Butler students and faculty weigh in on COVID-19 vaccine’s safety, side effects

Butler students and faculty share their opinions on the COVID-19 vaccine. Photo courtesy of unsplash.com.

KATIE DEAN | STAFF REPORTER | kldean@butler.edu

After months of navigating the first pandemic in 100 years, the arrival of multiple COVID-19 vaccines offered a glimmer of hope for the devastating year that was 2020. While many continue to eagerly await their turn in line to get the vaccine, some remain hesitant to receive the dose given its quick rollout.

Historically, vaccines can take years to create, run through trials and subsequently be approved. With the help of modern day technology, people are now receiving doses sooner than many could have expected.

Last week, Butler posted a webinar to discuss the COVID-19 vaccine. Faculty from various science departments answered questions on how the vaccine works, efficacy and safety.

Mike Trombley, a lecturer of biological sciences, explained that the vaccine contains mRNA, which has the “instructions” for the spike protein within the virus. Thus, once scientists were able to replicate the sequence of the virus, they were able to use that sequence and make lots of doses. 

In addition to the makeup of the vaccine, a contribution of $10 billion dollars from The CARES Act to Operation Warp Speed helped prioritize the COVID-19 vaccines trials so they could begin sooner. Trombley emphasized that safety was not compromised during testing and the high number of volunteers willing to participate in the clinical trials helped move the process ahead.

Potential side effects and allergic reactions have heightened some individuals’ concerns about receiving the vaccine. The most common side effects, including fevers, chills and headaches, are not harmful and usually subside within days. More severe allergic reactions, such as anaphylaxis, have shown to be rare amongst those who have received the vaccine. Those who did experience an allergic reaction after the injection were treated with epinephrine — a standard treatment for anaphylaxis — and recovered afterward.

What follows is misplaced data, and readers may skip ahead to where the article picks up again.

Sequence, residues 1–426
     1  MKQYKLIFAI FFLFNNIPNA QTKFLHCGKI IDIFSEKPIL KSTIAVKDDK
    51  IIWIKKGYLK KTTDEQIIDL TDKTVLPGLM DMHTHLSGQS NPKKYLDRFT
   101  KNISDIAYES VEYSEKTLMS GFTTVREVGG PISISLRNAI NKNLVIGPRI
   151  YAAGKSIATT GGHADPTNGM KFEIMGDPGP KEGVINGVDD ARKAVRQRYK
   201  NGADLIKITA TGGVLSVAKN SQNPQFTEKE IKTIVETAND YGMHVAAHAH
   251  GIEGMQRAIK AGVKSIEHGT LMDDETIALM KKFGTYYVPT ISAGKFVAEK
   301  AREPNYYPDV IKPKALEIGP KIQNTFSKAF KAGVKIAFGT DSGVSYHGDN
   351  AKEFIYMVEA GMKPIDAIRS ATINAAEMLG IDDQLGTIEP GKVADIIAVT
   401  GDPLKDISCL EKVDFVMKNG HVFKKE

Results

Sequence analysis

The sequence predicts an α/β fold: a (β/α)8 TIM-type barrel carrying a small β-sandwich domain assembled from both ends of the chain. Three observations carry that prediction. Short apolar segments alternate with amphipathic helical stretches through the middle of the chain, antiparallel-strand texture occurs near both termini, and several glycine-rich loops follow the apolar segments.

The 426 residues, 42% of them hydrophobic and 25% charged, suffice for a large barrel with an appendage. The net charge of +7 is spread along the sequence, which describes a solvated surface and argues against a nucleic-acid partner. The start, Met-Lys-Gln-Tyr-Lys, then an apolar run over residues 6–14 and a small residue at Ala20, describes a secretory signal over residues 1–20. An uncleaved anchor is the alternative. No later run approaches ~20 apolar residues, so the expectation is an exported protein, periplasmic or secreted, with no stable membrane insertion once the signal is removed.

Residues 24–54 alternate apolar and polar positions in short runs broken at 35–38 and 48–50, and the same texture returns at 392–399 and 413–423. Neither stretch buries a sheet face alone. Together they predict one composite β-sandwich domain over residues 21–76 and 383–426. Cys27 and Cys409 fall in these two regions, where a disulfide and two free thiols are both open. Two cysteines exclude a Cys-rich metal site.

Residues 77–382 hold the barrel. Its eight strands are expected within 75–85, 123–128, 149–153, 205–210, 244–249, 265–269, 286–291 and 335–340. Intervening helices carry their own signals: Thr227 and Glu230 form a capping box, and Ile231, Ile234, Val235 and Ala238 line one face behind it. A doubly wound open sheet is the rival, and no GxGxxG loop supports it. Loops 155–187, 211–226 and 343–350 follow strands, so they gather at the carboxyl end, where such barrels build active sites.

Trombley said that those with allergies and a history of allergic reactions should consult with their doctor as to whether taking the vaccine would be the right choice for their personal health. 

“You can never have too much information going into this and that’s where having a good relationship with your family doctor is important,” Trombley said.

Trombley also said infertility has been a concern among some, including his own friends, that they fear might result from the vaccine. He said there has been no evidence to prove the vaccine causes infertility, explaining that because the vaccine is a copy of the COVID-19 virus, infertility would also have to occur in women who experienced the natural virus itself. 

“The immune response that you’re making to the vaccine spike protein are the same antibodies and the same immune response that you would create to the actual virus if it was inside of you — that’s how the vaccines work,” Trombley said. 

Beyond the quick rollout and side effects of the vaccine, some individuals in the Black community have concerns of medical racism. People of color, specifically Black individuals, have been disproportionately mistreated by the healthcare system throughout history. Like several prior epidemics, the COVID-19 pandemic took a significantly higher toll on Black people, killing 1 in 645 Black Americans compared to 1 in 825 white individuals as of Feb. 4. 

While the vaccine would offer protection to the Black community, instances of medical racism and violence such as the Tuskegee Study are a continued cause for concern, specifically regarding the vaccine’s unknown long-term effects. In a recent Pew Research study, only 42% of Black Americans said they would be willing to get the vaccine.

Butler students’ perspectives

Caroline Davis, a junior elementary education major, said she feels confident in the safety of the COVID-19 vaccine. Davis said she understands the outstanding amount of funding and extra hours that were put into creating the vaccine and that she trusts the scientists.

“I was happy because it was a sign of hope and a sign of better times coming our way,” Davis said. “I think this is something that we’ve been talking about for almost a year now and it’s just refreshing and comforting seeing it come out.”

Sophomore pharmacy major Brian Cottingim received the COVID-19 vaccine himself and did not have any concerns before receiving the two doses. Citing his biology classes and personal research, he said he welcomed the opportunity to receive the vaccine. 

“I did some research about how it worked,” Cottingim said. “I did do that to make me feel comfortable with talking about it because as a future healthcare professional I want to be able to explain what is actually going on.”

Cottingim said he and other classmates are confident in the safety of the vaccine given their pharmacy background. 

“The most knowledgeable professionals are saying it’s safe and they’re people too. They’re not looking for demise, they want to have a cure, just like the rest of us,” Cottingim said. “If they say it’s like, healthy and not dangerous, I’ll believe them.”


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